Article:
NEW DELHI: To realize the ideal of ‘justice at doorstep’, the city will now be divided into 11 districts for judicial and administrative work. The Delhi government has decided “in-principle” to carve out 11 sessions and revenue districts in the courts from the existing nine, so that people are able to get speedy justice and effective administration.
At present, the capital is divided into nine districts – Central, North, South, East, Northeast, Southwest, New Delhi, Northwest and West Delhi. After re-working on the boundaries, the 11 new judicial and revenue districts are: Central, East, West, North, South, Najafgarh, Saraswati Vihar, Kalkaji, Preet Vihar, Seelampur and New Delhi.
This means that now there will be a chief metropolitan magistrate and an additional chief metropolitan magistrate each in the courts for the 11 districts, and the work of the sessions courts will also be divided district-wise. In the revenue department, the work will be decentralized with 11 newly created districts, each having its own district magistrate.
“Keeping in view the recommendations of the committee and uneven population in the nine districts, it became imminent to amend the boundaries of nine districts and develop them into 11 revenue & sessions districts,” stated the government official.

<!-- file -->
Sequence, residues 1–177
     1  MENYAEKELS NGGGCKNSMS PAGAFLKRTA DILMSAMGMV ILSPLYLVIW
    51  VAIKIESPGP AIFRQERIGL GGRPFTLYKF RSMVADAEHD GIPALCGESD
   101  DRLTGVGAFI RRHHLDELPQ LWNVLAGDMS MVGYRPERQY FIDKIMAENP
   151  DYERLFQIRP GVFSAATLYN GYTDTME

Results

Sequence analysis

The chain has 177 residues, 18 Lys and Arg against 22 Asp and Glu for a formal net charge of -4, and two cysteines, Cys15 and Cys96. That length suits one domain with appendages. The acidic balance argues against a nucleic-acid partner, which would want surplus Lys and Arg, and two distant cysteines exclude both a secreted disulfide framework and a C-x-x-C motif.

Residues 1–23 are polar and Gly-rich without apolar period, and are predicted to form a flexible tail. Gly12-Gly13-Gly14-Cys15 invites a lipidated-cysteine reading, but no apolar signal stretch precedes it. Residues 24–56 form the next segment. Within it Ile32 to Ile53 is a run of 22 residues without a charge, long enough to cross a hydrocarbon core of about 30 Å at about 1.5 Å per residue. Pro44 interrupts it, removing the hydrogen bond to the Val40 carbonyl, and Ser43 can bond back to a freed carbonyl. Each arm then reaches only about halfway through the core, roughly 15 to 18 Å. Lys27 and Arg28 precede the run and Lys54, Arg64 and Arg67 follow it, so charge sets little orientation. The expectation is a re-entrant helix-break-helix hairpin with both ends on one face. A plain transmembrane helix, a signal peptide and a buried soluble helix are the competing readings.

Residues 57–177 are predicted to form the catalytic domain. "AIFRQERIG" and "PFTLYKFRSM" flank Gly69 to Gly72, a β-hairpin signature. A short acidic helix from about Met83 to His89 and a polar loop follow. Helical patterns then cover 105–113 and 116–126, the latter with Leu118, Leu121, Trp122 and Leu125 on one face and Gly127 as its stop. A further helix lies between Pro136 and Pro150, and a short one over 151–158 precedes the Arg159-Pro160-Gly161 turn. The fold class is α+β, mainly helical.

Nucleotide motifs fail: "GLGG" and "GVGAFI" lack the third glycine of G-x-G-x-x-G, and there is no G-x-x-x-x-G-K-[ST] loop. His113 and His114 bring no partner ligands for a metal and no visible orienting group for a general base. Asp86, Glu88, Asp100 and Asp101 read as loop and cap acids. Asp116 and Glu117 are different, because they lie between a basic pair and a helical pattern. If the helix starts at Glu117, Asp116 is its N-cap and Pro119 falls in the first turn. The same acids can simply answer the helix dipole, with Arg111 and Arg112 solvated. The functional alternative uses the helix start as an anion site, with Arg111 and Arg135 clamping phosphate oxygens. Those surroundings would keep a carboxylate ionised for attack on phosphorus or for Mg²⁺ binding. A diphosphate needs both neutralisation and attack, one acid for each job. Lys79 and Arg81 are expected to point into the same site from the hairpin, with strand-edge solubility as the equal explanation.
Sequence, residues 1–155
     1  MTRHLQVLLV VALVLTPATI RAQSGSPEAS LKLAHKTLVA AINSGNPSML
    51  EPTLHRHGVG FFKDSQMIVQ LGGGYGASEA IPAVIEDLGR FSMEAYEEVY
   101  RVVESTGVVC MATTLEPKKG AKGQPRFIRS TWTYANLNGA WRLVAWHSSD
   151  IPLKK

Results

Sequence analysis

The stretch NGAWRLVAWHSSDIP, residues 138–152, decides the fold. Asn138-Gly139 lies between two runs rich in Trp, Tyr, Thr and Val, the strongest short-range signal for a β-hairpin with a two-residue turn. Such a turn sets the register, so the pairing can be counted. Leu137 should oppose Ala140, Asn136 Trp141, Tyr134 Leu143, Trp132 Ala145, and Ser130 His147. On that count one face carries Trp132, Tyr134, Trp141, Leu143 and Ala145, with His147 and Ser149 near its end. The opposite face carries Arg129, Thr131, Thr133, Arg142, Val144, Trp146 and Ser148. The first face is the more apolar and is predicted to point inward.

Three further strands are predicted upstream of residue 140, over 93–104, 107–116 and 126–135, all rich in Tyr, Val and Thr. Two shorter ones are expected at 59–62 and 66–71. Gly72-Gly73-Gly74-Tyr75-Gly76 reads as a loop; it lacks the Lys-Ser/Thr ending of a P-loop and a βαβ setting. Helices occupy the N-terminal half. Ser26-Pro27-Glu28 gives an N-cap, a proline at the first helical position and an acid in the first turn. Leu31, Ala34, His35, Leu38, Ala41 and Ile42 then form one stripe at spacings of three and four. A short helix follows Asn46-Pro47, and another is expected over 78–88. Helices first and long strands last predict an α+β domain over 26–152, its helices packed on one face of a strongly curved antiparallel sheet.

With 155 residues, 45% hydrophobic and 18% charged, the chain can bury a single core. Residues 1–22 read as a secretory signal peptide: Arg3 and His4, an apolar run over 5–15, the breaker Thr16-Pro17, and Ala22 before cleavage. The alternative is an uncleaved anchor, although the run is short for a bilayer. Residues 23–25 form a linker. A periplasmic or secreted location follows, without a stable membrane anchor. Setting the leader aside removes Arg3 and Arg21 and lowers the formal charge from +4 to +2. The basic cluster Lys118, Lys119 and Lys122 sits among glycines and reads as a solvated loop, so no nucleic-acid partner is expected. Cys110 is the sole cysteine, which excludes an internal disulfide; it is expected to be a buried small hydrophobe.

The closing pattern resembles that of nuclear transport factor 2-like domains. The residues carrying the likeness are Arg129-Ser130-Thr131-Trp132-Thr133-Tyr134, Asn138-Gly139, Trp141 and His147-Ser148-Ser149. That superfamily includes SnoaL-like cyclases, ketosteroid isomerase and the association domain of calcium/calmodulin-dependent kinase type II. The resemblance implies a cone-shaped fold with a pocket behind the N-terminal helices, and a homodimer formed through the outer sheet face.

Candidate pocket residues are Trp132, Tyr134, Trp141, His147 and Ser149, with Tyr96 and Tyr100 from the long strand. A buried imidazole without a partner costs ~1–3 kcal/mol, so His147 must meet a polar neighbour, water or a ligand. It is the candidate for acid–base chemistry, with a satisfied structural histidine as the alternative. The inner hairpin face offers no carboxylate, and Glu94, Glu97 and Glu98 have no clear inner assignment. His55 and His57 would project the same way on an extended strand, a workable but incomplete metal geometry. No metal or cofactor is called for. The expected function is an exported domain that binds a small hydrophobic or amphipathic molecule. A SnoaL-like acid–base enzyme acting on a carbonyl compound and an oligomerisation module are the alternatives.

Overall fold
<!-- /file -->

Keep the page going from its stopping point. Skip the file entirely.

This comes after the law department of the Delhi government sent a proposal to the government for enabling the division of the capital into 11 districts so that the work of the judiciary and the revenue department gets divided according to their respective areas.
The committee, comprising additional secretary (law and justice) Tarun Sehrawat, additional secretary (home) Ajay Chagti and the then deputy commissioner (northwest) Amit Singla, also proposed that there should be uniformity in the administrative district boundaries, judicial, civil, sessions and the police boundaries for the convenience of the general public.
While re-dividing the districts, the committee noted that the population of the capital was over 1.6 crore and re-ordering of the districts was required to provide speedy justice.
At present, the work of the trial courts has been divided into nine districts for the civil cases. For criminal jurisdiction, however, there is only one chief metropolitan magistrate. In the revenue department, the present setup of nine districts along with 27 sub-divisions has been in existence since 1997 when a division commissioner remained as the lone district magistrate for the entire capital as far as the discharge of magisterial work was concerned.